Documenting Hypermedia API
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Dmitry Pavlov @zeldigas
Send your tweets to @SergeLyubimov and I'll add you.
Main concern : most of the documentation has a focus on URI (uri templates) whether it is link to resources or actions (i.e. Swagger, API Blueprint).
Client need to know where to try to knock to, but it's the only url, not for every resource. With hypermedia URI doesn't matter, you need to know only the root endpoint, and than you will discover , browsing through relations from one resource to another or performing actions. So
Concern against docs at all:The role of documentation overall are really reduced in hypermedia, as API supposed to be explorable, so it will be much easier just to go and see, rather than learning docs. No one might learn them.
Questions and answers
But how to avoid URLs?
One of the solution worked (Jorn) is to document the link relations, resources and actions in a plain text (word/html) and tell to clients that those relations are exists somewhere in ecosystem. Thus we avoid using urls (or url templates).
Example of such description:
Resource name (class) properties List of links(in terms of relations)/actions we can expect (but they might not be there) Link relations description of what this link is for. If link is generic Actions what this action do (the purpose) parameters (or payload description if this is not a like form submission) and response results (status codes etc.)
What is the purpose of having hypermedia documentation?
To give to client an overall idea of the resources and actions without dependence of the current resource state
Why don't send documentation in response to OPTIONS request?
at the moment OPTIONS response body is not defined in RFC, but might be changed in future. Also, HTTP is just a transport, so might not good to stick onto it.
Does it worth to embed all documentation into resource response, or it worth to have just a link to profile?
May be ALPS can do this kind of things?
Not sure, as ALPS looks like allow you to list just vocabulary of all relations (at least it can be) + alps is more machine readable format, and we try to find out solutions for human readable docs too.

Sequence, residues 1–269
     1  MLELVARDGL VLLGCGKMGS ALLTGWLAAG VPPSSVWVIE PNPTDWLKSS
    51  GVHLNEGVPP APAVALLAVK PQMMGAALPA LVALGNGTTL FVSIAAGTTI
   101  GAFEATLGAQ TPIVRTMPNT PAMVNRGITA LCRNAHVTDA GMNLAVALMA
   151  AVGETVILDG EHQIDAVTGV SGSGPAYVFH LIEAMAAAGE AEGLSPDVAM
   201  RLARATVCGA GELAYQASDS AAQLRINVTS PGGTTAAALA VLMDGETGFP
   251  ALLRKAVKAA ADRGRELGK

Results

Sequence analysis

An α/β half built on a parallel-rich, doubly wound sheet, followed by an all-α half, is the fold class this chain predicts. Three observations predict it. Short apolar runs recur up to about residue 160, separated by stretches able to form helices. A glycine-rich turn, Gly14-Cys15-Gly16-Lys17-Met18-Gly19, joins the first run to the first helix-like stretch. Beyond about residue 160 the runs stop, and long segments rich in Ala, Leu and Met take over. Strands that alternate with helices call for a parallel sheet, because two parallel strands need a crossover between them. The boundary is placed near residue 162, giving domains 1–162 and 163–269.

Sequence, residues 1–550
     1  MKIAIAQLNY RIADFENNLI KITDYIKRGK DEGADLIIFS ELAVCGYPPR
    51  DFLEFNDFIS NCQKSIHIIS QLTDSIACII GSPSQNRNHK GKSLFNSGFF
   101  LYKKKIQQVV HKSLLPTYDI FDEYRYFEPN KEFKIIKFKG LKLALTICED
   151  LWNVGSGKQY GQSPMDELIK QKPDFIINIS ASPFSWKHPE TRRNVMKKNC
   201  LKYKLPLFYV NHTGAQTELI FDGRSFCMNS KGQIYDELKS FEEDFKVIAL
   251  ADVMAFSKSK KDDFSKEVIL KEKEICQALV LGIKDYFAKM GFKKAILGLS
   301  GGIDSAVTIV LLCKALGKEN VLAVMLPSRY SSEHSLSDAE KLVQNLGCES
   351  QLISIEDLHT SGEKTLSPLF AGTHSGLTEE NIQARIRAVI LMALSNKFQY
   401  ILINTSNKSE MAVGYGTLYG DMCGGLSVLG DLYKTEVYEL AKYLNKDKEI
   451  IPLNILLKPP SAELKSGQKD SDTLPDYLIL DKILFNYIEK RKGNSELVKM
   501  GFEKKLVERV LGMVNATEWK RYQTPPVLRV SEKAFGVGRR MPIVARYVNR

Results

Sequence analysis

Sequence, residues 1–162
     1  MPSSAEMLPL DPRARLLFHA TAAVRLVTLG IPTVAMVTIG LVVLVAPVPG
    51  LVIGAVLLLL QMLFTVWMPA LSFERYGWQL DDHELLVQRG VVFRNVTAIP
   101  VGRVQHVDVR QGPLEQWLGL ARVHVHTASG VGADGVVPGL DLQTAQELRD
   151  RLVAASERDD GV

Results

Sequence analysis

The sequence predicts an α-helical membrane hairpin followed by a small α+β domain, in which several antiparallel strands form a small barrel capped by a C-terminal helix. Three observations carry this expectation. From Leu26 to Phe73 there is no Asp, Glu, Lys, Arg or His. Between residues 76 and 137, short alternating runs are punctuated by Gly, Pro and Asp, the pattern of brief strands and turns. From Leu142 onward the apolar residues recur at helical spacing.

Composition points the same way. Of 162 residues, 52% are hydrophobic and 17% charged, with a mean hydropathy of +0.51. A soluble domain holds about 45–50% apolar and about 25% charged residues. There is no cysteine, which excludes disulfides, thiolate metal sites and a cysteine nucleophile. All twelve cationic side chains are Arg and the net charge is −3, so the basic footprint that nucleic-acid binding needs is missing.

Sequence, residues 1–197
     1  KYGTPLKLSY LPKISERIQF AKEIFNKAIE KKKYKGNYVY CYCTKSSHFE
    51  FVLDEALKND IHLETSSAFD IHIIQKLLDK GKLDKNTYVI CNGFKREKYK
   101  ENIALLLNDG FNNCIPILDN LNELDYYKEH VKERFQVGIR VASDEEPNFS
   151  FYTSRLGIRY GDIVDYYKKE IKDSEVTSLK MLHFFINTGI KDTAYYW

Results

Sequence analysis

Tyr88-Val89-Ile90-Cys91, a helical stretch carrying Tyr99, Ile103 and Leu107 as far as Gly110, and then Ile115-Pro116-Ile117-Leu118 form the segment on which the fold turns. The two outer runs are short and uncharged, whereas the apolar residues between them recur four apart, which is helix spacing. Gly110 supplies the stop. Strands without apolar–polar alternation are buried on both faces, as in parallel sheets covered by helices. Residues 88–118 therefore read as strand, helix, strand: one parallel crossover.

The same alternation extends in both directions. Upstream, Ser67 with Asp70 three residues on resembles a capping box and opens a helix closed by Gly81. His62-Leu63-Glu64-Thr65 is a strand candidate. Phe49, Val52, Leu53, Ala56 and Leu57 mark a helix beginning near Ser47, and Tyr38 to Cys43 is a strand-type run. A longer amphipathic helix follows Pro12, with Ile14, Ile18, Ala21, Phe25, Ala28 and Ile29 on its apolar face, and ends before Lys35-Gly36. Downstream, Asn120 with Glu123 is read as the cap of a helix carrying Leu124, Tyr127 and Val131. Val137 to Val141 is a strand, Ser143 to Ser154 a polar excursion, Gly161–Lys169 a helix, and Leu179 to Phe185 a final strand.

As a solution we can embed link in machine readable format to a human readable documentation
: rel - should it be context dependent?
for link relations they can be generic or specific, it depends on the information that relation needs to provide. At least one should consider IANA rels list as it has a lot of useful links that are widespread and reusable.
for actions it more specific names (add-user vs add) can be useful because it makes actions not ambigous.
Ideas to consider
Documentation has two aspects: relations between resources and state-transitions for resources. So We can consider to try to use Resource Blueprint and try to extend it to incorporate resource relations.
Additional considerations (added later)
For human readable format, the profit of the documents is to have overall representation about resources, links and actions + state transitions of each resources it would be great to have a dsl (maybe based on existing ones, like api blueprint) that can describe:
- resources (with properties, and possible links that a client can expect here)
- link relations
- resource state transitions
based on this information we can build:
- resource graph for our api with
- information about every resource based on resource name, but not it's link
- actions description
- link relations
At the same type there was no URI references in documents at all.